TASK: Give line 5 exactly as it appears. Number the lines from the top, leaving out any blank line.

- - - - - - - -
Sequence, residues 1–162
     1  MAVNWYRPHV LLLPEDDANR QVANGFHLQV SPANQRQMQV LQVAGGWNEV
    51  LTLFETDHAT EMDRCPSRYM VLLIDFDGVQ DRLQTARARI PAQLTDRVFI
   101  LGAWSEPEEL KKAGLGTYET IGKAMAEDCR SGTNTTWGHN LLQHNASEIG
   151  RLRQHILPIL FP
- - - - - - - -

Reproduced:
   151  RLRQHILPIL FP